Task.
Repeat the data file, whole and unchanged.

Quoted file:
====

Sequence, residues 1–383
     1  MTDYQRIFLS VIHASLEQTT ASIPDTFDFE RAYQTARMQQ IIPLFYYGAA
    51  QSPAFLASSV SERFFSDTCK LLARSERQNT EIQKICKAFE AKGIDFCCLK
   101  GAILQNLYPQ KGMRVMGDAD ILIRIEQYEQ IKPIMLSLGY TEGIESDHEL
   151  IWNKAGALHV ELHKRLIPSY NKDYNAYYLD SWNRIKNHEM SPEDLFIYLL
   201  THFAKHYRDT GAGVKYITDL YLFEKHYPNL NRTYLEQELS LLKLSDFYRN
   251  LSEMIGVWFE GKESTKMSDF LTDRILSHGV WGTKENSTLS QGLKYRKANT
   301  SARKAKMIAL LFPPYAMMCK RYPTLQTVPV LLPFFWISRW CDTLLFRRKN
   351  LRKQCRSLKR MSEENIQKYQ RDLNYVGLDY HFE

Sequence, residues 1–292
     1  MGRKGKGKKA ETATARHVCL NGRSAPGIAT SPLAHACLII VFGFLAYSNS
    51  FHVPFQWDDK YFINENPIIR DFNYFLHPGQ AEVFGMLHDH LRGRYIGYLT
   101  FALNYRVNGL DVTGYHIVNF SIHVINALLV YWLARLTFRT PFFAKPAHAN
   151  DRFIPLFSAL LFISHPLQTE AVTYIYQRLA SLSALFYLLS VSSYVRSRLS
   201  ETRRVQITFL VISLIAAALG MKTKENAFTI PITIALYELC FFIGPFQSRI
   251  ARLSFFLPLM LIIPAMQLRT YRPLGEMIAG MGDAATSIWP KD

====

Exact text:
Sequence, residues 1–383
     1  MTDYQRIFLS VIHASLEQTT ASIPDTFDFE RAYQTARMQQ IIPLFYYGAA
    51  QSPAFLASSV SERFFSDTCK LLARSERQNT EIQKICKAFE AKGIDFCCLK
   101  GAILQNLYPQ KGMRVMGDAD ILIRIEQYEQ IKPIMLSLGY TEGIESDHEL
   151  IWNKAGALHV ELHKRLIPSY NKDYNAYYLD SWNRIKNHEM SPEDLFIYLL
   201  THFAKHYRDT GAGVKYITDL YLFEKHYPNL NRTYLEQELS LLKLSDFYRN
   251  LSEMIGVWFE GKESTKMSDF LTDRILSHGV WGTKENSTLS QGLKYRKANT
   301  SARKAKMIAL LFPPYAMMCK RYPTLQTVPV LLPFFWISRW CDTLLFRRKN
   351  LRKQCRSLKR MSEENIQKYQ RDLNYVGLDY HFE

Sequence, residues 1–292
     1  MGRKGKGKKA ETATARHVCL NGRSAPGIAT SPLAHACLII VFGFLAYSNS
    51  FHVPFQWDDK YFINENPIIR DFNYFLHPGQ AEVFGMLHDH LRGRYIGYLT
   101  FALNYRVNGL DVTGYHIVNF SIHVINALLV YWLARLTFRT PFFAKPAHAN
   151  DRFIPLFSAL LFISHPLQTE AVTYIYQRLA SLSALFYLLS VSSYVRSRLS
   201  ETRRVQITFL VISLIAAALG MKTKENAFTI PITIALYELC FFIGPFQSRI
   251  ARLSFFLPLM LIIPAMQLRT YRPLGEMIAG MGDAATSIWP KD